Our View: Promoting open government

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Steamboat Today editorial board — June to December 2013

  • Suzanne Schlicht, COO and publisher
  • Lisa Schlichtman, editor
  • Tom Ross, reporter
  • David Baldinger Jr., community representative
  • Lisa Brown, community representative

Contact the editorial board at 970-871-4221 or editor@SteamboatToday.com. Would you like to be a member of the board? Fill out a letter of interest now.

At Issue

The Steamboat Springs Planning Department recommends changes to reduce the number of public notices printed in the newspaper

Our View

Change would result in less government transparency.

The Steamboat Springs Planning Department is recommending changes to the way it notifies the public about pending projects. City planning commissioners held a work session last week to discuss a staff proposal that would shift the public notice process to a more Web-centric approach and away from public notices in the newspaper.

We applaud the Planning Department’s desire to provide more information to Steamboat Springs residents about projects that could impact their property and neighborhoods through a more interactive website, but the department’s proposal to cut back on public notices misses the mark.

The overriding purpose of the proposed changes, as stated by city planning officials, is to improve the public notification system in reaction to complaints from residents who claimed they weren’t properly informed about projects that were being proposed in their neighborhoods.

The creation of a new searchable Web page, which would provide a map and a list of current projects, is an idea we support and a positive move forward, with the caveat that the city must weigh the financial impacts of such a project. We also believe the department’s plan to notify individual property owners in multiowner units rather than just the homeowners association is another welcome change.

But the department’s proposal to reduce the number of public notices it publishes in the newspaper flies in the face of its intended purpose of improved communication and more transparency.

Let us be clear. The Steamboat Pilot & Today receives revenue from public notices the city planning department places in the newspaper, but our argument against a reduction in these notices is not financially motivated. Instead, we view public notices as fundamental to open government and the public’s overarching right to know about what that government is doing.

Under the proposal discussed last week, the number of project types that would require a public notice in the newspaper would drop from 19 to six. Among the print notices that would be eliminated are those for development plans, change in use, vacation home rental permits, telecommunications facilities and preliminary and final plats — all projects whose impact reaches far beyond the 100- or 300-foot boundary of surrounding property owners who are notified by mail about such projects.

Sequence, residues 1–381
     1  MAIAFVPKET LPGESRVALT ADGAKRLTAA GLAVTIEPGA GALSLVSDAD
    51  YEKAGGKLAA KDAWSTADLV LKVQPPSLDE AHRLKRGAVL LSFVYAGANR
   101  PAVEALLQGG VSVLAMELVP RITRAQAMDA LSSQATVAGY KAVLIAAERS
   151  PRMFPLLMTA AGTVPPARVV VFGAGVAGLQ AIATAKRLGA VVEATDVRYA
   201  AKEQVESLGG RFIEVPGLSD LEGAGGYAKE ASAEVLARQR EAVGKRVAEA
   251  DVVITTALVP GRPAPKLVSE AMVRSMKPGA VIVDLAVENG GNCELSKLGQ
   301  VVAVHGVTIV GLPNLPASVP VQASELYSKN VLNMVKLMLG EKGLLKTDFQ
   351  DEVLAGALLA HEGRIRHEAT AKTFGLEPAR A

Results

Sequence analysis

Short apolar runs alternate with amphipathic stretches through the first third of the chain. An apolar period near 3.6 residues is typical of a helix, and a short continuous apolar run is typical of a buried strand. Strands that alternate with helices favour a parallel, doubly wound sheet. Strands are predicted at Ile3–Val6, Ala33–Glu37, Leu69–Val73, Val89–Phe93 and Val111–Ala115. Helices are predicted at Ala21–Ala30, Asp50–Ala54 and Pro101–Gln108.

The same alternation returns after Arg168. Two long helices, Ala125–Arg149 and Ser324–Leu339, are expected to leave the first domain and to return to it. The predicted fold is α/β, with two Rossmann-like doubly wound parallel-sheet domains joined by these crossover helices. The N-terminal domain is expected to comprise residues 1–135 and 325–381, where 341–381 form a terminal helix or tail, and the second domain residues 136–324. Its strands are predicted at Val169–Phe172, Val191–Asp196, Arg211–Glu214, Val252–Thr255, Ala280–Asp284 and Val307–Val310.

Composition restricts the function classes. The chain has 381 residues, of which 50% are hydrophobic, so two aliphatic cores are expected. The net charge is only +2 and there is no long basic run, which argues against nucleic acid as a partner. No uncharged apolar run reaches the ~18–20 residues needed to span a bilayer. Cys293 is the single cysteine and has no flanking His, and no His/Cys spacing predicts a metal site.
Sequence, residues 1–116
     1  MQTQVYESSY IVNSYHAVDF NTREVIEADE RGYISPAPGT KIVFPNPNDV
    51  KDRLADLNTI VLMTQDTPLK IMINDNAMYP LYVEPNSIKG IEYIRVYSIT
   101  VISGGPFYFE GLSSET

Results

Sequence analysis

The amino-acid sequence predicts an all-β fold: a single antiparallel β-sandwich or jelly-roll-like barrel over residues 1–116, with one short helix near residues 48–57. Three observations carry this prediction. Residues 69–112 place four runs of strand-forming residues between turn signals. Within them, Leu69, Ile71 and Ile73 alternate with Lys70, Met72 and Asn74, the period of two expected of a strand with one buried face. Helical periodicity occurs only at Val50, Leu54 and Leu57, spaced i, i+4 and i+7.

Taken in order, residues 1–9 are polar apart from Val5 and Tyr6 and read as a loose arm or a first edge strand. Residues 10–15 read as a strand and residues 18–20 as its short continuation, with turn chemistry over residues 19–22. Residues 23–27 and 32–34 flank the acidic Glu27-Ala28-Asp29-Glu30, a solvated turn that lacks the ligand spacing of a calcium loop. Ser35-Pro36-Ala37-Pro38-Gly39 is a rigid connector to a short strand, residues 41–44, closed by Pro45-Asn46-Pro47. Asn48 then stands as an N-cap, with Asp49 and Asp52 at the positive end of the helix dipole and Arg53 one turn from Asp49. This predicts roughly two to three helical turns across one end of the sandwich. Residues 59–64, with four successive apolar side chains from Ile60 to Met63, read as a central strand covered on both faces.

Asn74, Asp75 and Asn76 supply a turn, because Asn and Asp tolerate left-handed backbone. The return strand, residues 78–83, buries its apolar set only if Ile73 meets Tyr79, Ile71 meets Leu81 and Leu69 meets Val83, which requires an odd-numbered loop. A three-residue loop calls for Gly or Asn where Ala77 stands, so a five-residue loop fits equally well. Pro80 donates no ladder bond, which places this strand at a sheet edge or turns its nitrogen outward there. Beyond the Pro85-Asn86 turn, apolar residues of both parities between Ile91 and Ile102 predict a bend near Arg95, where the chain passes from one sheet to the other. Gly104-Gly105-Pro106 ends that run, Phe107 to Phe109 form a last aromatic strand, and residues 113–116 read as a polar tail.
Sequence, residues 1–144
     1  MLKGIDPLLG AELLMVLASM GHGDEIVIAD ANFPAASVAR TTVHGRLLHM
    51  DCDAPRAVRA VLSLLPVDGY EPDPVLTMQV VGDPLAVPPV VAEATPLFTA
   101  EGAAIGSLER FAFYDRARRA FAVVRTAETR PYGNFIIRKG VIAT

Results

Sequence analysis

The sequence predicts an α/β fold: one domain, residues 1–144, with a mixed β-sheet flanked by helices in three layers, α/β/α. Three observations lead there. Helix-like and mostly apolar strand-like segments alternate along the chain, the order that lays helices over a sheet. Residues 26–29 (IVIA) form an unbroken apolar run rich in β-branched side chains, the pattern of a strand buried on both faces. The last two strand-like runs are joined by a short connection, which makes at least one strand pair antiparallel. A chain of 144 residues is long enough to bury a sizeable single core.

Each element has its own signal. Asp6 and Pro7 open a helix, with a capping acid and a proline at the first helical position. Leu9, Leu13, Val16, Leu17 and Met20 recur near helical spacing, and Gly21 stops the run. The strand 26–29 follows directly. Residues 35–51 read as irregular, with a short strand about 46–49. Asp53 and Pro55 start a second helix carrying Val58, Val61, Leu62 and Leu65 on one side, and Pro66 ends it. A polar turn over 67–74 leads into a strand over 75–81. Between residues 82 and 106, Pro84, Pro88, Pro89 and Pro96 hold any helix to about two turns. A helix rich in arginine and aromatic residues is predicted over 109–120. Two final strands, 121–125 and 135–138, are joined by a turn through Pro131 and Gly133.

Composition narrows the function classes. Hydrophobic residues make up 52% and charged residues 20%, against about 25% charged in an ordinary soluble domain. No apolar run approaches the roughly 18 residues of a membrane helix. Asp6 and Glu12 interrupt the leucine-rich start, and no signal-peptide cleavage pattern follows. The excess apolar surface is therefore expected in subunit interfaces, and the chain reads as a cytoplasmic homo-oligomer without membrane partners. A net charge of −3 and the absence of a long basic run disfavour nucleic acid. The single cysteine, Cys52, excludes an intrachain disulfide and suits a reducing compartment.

The Planning Department’s proposed changes concerning public notices would not violate the state statutes that govern public notices, but the recommended revisions would go against the spirit of the law.

As Steamboat Springs’ primary news source, the Pilot & Today is where people look first for information, and public notices are a key tool for residents to keep up with their local government. The Pilot & Today also publishes legal notices online so the reach extends beyond the print edition and far exceeds the number of people who would view the notices if they were relegated to sole publication on the city’s website.

At the work session, most planning commissioners expressed a desire to offer more, rather than fewer, notices about pending projects. We are encouraged about the commissioners’ initial response, and we urge them to think long and hard before they consider a change that would result in less transparency and could lead to an erosion of public trust.

Comments

Stuart Orzach 6 months, 3 weeks ago

I am one of those neighboring property owners who complained.

A project had sailed through Planning Commission and was days away from being rubber stamped by Council when I became aware, through a very brief article that was posted for only a short period of time on a Saturday, in this on-line publication, that at least 160 neighboring property owners were not notified.

The problem was not that there was anything wrong with the regulations. The immediate problem was that the City Planning Department did not follow the regulations that are currently on the books. And, this was exacerbated by the fact that the neither the Planning Director, the Planning Commission or the City Council noticed.

Sure, those regulations could be tweaked a little. But, the way this issue is currently being framed is a whitewash of gross negligence on the part of the City..